After carefully laying out the case, chapter and verse, for her violation of law, for her decision to use a private email server on which classified information was transmitted, the Director of the FBI came to the miraculous conclusion that, while she was grossly negligent, she didn’t intend to break the law. That rumbling sound coming from underground in Quincy, Massachusetts, is John Adams spinning in his grave. Evidently, we are a nation of laws with the exception of the Clintons, and perhaps a few other elites.

During his statement and later during his testimony before Congress, Director Comey said that 110 of Clinton’s emails were classified at the time they were sent. And according to the Washington Times in February, another 80 were either marked “secret” or “confidential” and were of such sensitive nature that national security could have been jeopardized had the emails been hacked and subsequently sold or leaked.

The overwhelming evidence is that her emails were hacked on a number of occasions. As bad as that is, even worse is that she failed to report the hacking upon discovering the attempts on her server. That failure jeopardized every American as it exposed State secrets. She then spent months covering up the intrusion and lying about her email server. She knew she was in trouble. Her claim that the contents of the emails were mundane topics such as yoga and Chelsie’s wedding was an attempt to hide the truth.  And what was the truth? Hilary Clinton violated federal law, and the FBI—based on her high profile—gave her a pass.

Congressman Trey Gowdy, R-S.C., chairman of the House Benghazi Committee, through a series of questions directed at Comey, during testimony by Comey before Congress, itemized the lies and obfuscation Clinton had committed over the course of the investigation.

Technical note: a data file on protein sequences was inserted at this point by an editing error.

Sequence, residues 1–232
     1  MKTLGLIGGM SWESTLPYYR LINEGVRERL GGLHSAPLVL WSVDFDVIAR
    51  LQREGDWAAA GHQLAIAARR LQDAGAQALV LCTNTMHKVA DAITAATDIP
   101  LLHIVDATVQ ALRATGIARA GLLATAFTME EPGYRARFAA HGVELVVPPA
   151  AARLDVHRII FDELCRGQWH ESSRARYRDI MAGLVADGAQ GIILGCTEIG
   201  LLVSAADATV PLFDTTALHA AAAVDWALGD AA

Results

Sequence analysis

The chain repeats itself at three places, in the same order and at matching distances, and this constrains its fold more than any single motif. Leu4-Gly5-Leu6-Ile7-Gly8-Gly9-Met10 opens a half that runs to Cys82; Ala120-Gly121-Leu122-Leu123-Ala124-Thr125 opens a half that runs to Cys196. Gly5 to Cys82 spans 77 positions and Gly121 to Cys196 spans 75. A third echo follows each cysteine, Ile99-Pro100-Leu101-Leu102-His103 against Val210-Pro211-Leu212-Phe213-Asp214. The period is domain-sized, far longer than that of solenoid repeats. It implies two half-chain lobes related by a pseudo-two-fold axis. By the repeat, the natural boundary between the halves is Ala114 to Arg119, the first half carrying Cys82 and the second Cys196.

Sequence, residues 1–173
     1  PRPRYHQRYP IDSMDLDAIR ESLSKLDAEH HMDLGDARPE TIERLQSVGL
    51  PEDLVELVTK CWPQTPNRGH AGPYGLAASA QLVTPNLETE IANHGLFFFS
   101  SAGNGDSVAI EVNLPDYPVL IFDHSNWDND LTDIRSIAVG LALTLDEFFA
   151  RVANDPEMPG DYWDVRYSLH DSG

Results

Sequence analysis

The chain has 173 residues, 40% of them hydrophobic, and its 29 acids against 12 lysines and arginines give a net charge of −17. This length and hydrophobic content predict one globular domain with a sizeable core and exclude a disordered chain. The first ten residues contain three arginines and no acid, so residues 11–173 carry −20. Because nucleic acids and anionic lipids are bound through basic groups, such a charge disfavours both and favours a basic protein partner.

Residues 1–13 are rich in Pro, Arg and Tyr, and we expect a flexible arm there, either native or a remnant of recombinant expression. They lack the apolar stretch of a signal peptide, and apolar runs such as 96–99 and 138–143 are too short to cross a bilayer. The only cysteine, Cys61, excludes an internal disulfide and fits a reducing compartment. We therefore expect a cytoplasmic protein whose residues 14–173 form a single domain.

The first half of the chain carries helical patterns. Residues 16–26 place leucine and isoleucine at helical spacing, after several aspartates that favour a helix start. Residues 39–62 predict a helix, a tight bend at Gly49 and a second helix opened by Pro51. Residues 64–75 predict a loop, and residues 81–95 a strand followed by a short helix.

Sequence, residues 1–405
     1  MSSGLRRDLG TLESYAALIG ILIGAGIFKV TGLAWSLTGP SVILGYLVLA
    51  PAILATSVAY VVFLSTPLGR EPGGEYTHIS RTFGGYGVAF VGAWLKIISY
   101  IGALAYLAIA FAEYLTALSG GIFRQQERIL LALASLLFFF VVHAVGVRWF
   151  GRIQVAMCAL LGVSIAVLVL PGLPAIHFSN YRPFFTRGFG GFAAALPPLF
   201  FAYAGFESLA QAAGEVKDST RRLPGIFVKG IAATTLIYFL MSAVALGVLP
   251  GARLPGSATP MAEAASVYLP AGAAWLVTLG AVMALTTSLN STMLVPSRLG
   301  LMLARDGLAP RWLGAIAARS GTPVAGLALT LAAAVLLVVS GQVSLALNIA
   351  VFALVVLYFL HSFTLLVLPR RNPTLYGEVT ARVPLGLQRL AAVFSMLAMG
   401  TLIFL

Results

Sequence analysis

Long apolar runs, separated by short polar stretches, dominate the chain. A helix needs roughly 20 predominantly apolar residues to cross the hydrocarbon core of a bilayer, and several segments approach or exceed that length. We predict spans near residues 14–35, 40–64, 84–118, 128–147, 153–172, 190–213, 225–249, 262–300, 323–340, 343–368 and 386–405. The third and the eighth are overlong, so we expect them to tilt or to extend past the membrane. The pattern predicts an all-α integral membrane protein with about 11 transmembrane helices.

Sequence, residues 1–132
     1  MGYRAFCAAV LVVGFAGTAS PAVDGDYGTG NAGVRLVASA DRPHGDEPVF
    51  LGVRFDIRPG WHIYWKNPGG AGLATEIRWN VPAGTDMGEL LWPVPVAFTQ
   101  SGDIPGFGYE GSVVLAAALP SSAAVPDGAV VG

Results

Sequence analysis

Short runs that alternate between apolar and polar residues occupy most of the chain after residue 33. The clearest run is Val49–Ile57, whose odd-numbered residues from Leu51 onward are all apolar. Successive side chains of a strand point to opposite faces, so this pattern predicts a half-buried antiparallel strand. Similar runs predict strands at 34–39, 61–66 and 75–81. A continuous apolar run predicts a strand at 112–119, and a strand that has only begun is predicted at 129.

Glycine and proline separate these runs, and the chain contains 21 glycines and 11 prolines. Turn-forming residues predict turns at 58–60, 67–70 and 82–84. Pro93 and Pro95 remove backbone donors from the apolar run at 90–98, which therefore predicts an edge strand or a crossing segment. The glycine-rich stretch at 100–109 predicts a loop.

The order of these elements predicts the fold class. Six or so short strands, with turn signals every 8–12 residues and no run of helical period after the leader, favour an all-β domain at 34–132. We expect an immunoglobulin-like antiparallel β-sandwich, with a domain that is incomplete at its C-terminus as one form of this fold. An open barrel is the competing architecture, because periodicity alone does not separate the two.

Clinton lied about having not received or sent classified information through her private email account. She lied about having not sent or received anything marked “classified.” She lied about having sent classified documents from her unsecured email account. She lied about using only one device for her email (Comey said she used multiple devices). She lied about “all work-related emails” being returned to the State Department (Comey said they discovered “thousands that were not returned”). She lied about neither her nor anyone from her office deleting work-related emails. She lied about her lawyers “reading every one of the emails” and their work being “overly inclusive.”

And yet, with knowledge of Clinton’s lack of candor regarding every aspect the email scandal, he found no “intent” to break the law. Add to this set of facts the unbelievable secret meeting between former President Bill Clinton and the U.S. Attorney General Loretta Lynch, just days before Comey’s press conference clearing Clinton. It all stinks to high heaven.

Not so long ago, Gen. David Petraeus did far less that Secretary Clinton; and yet, the FBI brought him up on felony charges for not safeguarding classified information. We like General Petraeus, but he broke the law and needed to be treated like any other citizen—and he was. Over the past few years, the DoJ successfully prosecuted other government officials for having classified information on personal electronic device. Being a Clinton seems to give one the ultimate “Get out of Jail Free” card.

There can’t be one set of rules for certain members of our republic and another set of rules for the rest of us. This is not some minor trifle. If the public loses faith in the system, we are all lost.

David H. Landon is the former Chairman of the Montgomery County Republican Party Central Committee. He can be reached at

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Tim Walker is 51 and a writer, DJ, and local musician. He lives with his wife and their two children in Dayton, where he enjoys pizza, jazz, and black T-shirts. Reach DCP freelance writer Tim Walker at